Possible evidence for the stringing of the perforated shells as beads comes from the identification on ten specimens of a wear pattern different from that observed on both the modern reference collection and unperforated specimens from Taforalt. The wear in the latter case homogeneously affects the whole surface of the shells and consists of a microscopic dull smoothing associated with micropits and rare short, randomly oriented striations. The wear on the presumed strung examples is found on the perforation edge and on spots of the ventral and lateral side, and it is characterized by an intense shine associated with numerous random or consistently oriented striations (SI Fig. 8).

Pigment Residues

Microscopic residues of red pigment were detected on one unperforated and nine perforated shells (SI Fig. 9). In the former, the residue is in the space between the parietal wall and sea gravel obstructing the aperture. In the latter, it consistently is trapped in the groove at the contact between the last body whorl and the parietal shield, on the hole edges, the columella, fissures in the parietal shield, and the syphonal canal. On one shell (Fig. 3, no. 9), pigment residue is sealed by calcite concretion. Elemental and mineralogical analysis (see SI Text) of the residue on this shell identified the red pigment as iron oxide (currently in a ferric or haematitic state) with a very high proportion (>70%) of iron.

The most likely explanation for the presence of pigment on the shells is their rubbing against material embedded with ochre, such as hide, skin, thread, or other substance. We can rule out accidental causes because in two specimens colorant is stuck in microcracks that cross the worn area, indicating wear and coloring were intertwined processes. No other objects (e.g., artifacts or bones) from these deposits carry similar pigments, nor are there obvious particles of natural ochres/ores in the sediments. As for postdepositional effects, although more or less hydrated iron oxides have contributed a reddish color to the carbonate and phosphate concretions present in the sediment matrix and sometimes adhering to larger objects (especially bones), it is difficult to see how purer iron oxide could have been deposited on the shells at any point during the diagenesis of these cave sediments, let alone how such oxide then could have been so closely integrated with the wear patterns.


The discovery and dating of the perforated marine shells from Taforalt provide unequivocal evidence that dead marine shells were collected on North African shores ≈82,000 years ago. Shells were either perforated deliberately or, less probably, carefully selected on the beach for their large perforation, which is rare in nature, then used as personal items. At Taforalt, the possible stringing of the shell beads and the association with red pigment may have given them added visual value because these were the only items with colorant in the cave. In the MSA of southern Africa, the use of ochred shells also is recorded at Blombos (2).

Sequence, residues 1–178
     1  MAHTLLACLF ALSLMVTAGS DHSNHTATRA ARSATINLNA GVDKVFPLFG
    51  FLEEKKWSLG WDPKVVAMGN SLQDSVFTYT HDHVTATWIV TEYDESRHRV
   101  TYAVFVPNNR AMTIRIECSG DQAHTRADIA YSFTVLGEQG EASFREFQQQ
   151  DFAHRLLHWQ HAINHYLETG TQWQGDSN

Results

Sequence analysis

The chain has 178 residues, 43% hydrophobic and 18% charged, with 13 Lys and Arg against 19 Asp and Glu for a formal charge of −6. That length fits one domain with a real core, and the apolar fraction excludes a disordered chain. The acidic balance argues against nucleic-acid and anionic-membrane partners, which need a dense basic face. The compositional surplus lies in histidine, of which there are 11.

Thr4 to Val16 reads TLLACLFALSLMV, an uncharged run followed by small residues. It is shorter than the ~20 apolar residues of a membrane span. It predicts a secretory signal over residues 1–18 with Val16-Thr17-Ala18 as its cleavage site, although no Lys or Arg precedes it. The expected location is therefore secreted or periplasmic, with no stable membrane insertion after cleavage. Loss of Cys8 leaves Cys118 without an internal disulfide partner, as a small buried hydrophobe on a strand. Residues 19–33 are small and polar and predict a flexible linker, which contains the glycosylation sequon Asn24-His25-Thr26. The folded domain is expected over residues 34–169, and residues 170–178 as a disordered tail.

The Taforalt finds have a much more precise stratigraphic and chronological control than those from Djebbana and Skhul, but together with Blombos, this suggests that soon after 100,000 years, and possibly even earlier (18), personal ornamentation became a widespread practice in Africa and adjacent areas of southwest Asia. This finding implies that, in each of these regions, material culture indicative of one aspect of behavioral modernity was present long before the Upper Paleolithic of Eurasia (41, 42). Although the roots and early spread of bead-making traditions still need to be elucidated, present evidence suggests some homogeneity in the early phases of this phenomenon. The same species of marine gastropod is used at Taforalt, Djebbana, and Skhul, and morphologically similar shells of the same genus were used at Blombos, a site located in a region where the species used at the three Mediterranean sites did not exist. In contrast to the Upper Paleolithic of Europe in which >150 bead types are recorded for a single cultural entity (43), only one or possibly two types, if the bivalves from Qafzeh are accepted as personal ornaments, are found at these earlier sites, which indicates that the role beads played in African and southwest Asian Middle Paleolithic societies may have been different from the one personal ornaments had in the Upper Paleolithic of Europe. Is this an early manifestation of symbolic behavior, by which we mean the use of something that represents something else by convention (44), or is it simply a form of material expression requiring no established link between a meaning and a sign? First archaeological instances of modern behavior are notoriously ambiguous. However, results presented above and evidence from other sites (10, 11) indicate that the choice, transport, coloring, and long-term wearing of these items were part of a deliberate, shared, and transmitted nonutilitarian behavior. We argue that to be conveyed from one generation to another over a very wide geographic area, such behavior must have implied powerful conventions that could not have survived if they were not intended to record some form of meaning.